|photo by Heidi Ross|
Australian singing sensation Missy Higgins, best known for the 2007 gold-selling U.S. single “Where I Stood,” has returned after a long absence with “The Ol’ Razzle Dazzle” -- her third and strongest album to date.
While the adult alternative music artist’s previous releases were often stark and contemplative, this one is brighter, due to an emphasis on melody. Recorded in Nashville with co-producers Brad Jones (Jill Sobule, Matthew Sweet) and fellow Aussie musician Butterfly Boucher, it shows the Melbourne native in a less timid light.
“Butterfly and I both share a mutual love of harmonies and really enjoy creating them,” said Higgins, 29.
“At every given opportunity, if vocals could [replace] an instrument, we used that instead…I’ve never had that experience in the studio before: being with another female and doing harmonies at the same time.”
Lately, Higgins has served as opening act for Gotye’s tour, where she often joins him to do “Somebody That I Used to Know.” For the solo Belly Up show, Boucher will be Higgins’ vocal partner.
The more vivacious sound on “Dazzle” (currently top 10 Down Under) is evident on the English music hall vibe of “Hello Hello” and dance-inflected “Temporary Love.” Grammy-winning songwriter Dan Wilson (Adele, Dixie Chicks) collaborated with Higgins, as did Kevin Griffin (Better Than Ezra, Blondie), who suggested the album title.
Utilizing less common instruments like stylophone, vibraphone and harmonium helped keep the studio process fresh. In addition to the usual piano, Higgins also “tried new things. I played Tibetan bowls, toy piano and made animal noises. There was a lot of laughing involved and it was a very joyful experience.”
Music City’s influence can be felt on the folky, mandolin-fueled “If I’m Honest” and bluesy “Watering Hole.”
Alluring album opener “Set Me on Fire” helped temper her creative stagnation. Having emailed various American friends about whether they needed a house or dog sitter, Higgins embarked on a cross-country sojourn. Brooklyn made a distinct impression.
“I wrote a whole heap of lyrics about my writer’s block” there.
Throughout the songs, there’s a unifying lyrical theme of finding your identity. Key examples include the feminine assertiveness of “Tricks,” haunting, PJ Harvey-esque confessional “Unashamed Desire” and power to the people message in “Hidden Ones.”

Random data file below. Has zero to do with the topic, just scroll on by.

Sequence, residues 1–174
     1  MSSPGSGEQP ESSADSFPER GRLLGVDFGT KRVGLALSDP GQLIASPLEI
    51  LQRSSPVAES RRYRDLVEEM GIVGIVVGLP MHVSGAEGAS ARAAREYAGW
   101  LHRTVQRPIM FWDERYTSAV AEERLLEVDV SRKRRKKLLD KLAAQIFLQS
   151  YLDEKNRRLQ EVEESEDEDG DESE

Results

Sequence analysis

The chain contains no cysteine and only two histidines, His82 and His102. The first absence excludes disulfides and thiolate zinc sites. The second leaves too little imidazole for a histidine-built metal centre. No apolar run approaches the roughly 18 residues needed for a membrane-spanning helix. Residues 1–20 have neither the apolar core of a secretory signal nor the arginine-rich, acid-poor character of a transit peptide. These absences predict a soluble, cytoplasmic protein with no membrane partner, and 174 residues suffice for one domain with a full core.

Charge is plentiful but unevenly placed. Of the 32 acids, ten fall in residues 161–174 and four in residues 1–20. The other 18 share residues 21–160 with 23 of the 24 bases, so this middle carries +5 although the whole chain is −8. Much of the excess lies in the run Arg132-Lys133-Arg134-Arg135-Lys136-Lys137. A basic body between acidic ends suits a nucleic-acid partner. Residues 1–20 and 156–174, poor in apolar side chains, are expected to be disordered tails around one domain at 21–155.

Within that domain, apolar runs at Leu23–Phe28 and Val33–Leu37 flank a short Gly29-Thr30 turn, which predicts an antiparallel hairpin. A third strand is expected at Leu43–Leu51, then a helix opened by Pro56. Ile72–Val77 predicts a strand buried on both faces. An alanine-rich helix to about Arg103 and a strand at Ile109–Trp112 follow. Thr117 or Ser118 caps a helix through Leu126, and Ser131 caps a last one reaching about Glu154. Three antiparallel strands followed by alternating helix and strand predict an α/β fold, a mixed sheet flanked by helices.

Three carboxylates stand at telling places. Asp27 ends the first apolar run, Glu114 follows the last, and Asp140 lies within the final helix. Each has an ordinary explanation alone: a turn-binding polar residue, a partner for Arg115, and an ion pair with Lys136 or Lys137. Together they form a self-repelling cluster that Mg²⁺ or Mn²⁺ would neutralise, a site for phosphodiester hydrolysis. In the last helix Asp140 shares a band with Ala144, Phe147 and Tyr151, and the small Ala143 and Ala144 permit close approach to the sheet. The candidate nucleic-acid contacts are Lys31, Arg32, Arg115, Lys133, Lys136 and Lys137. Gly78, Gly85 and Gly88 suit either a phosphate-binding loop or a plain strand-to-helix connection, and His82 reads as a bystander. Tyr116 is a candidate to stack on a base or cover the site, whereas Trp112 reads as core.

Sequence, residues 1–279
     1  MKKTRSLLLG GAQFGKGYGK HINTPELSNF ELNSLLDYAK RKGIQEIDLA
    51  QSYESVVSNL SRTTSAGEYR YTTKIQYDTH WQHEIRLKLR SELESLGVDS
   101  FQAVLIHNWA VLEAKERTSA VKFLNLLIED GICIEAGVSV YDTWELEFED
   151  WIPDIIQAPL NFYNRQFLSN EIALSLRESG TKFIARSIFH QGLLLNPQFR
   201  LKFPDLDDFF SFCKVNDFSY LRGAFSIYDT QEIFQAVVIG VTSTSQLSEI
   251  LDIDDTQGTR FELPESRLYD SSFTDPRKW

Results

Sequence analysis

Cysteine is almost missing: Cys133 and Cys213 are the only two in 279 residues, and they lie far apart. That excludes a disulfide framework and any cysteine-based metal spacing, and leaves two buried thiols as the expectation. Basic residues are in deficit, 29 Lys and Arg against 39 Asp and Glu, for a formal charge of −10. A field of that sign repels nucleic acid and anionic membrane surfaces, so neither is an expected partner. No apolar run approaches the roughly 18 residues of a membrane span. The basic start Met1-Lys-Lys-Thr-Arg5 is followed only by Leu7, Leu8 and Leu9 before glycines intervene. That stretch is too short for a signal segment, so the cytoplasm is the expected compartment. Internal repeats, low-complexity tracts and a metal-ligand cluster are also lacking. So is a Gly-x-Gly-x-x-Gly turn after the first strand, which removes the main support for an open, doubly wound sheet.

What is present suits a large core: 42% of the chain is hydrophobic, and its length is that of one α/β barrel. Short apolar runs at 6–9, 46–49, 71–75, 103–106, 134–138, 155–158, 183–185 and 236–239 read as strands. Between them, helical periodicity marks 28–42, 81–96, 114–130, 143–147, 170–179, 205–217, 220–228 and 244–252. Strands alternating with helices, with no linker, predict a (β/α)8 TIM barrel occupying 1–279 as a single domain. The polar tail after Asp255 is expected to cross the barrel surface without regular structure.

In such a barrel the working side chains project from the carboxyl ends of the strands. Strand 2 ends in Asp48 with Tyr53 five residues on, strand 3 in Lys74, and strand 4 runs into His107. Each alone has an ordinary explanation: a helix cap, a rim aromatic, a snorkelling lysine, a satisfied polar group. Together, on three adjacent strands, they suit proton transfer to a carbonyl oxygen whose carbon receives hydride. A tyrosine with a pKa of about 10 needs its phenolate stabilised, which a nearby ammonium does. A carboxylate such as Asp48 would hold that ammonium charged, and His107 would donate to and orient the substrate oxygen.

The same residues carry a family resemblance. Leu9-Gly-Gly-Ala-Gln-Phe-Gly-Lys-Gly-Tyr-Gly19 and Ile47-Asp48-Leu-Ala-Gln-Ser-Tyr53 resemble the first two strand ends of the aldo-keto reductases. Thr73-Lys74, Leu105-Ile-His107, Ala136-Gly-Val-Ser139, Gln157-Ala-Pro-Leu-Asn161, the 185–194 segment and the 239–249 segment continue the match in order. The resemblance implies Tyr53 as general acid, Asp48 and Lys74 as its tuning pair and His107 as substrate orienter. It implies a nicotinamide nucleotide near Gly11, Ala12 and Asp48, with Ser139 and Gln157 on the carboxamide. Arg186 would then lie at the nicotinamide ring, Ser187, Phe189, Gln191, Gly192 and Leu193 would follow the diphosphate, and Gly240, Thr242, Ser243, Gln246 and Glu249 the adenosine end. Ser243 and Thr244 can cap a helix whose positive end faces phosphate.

During the early 2000s, a still teenaged Higgins received airplay on influential Aussie radio station Triple J with “All for Believing.” Stateside, KCRW in L.A. played the tune.
First album “The Sound of White” debuted at No. 1 on the national Australian charts in ‘04 and sold more than half a million copies (the platinum certification threshold is 70,000). The track “Scar” was among the most played on Aussie radio. Reprise Records later put out “White” in America.
“That was crazy,” Higgins recalled. “I got signed while I was still in high school. I really didn’t have many songs. A couple of years later, I’d written the album and released it. The fame happened quickly. I think it’s probably taken me until now to finally adjust. It was a huge roller coaster.”
The 2007 follow up effort “On a Clear Night” featured a guest appearance by Crowded House’s Neil Finn and also went to No. 1 at home. Over here, it received NPR attention and TV placements on “Grey’s Anatomy,” “One Tree Hill” and elsewhere. Then Higgins had the honor of performing on her country’s segment of the global Live Earth benefit concerts.
All told, Higgins has amassed seven ARIA Awards (equivalent to our Grammy), some MTV Australia Awards and a half dozen top 20 singles back home.
“When I look back, it’s a blur. I almost didn’t have time to appreciate it for what it was. I didn’t feel like I really worked for it very hard. It’s good to be in a place now where I feel much more comfortable.”
Facing a crisis of confidence in 2010, Higgins went on a journey of self discovery. She took a college course on Indigenous studies and delved into charity work.
“Part of it was disillusionment and feeling I really wasn’t making a difference; what I was doing really wasn’t worthwhile. I wanted to do something that would make an impact I could actually see.”
Higgins’ big screen acting debut in “Bran Nue Dae,” an adaptation of Aboriginal musical co-starring Geoffrey Rush, also came that year.
“I never realized that I’d love acting so much. It was just like playing dress up as a kid and so great to be creative in an area that wasn’t music. [Now] I know other outlets are out there.”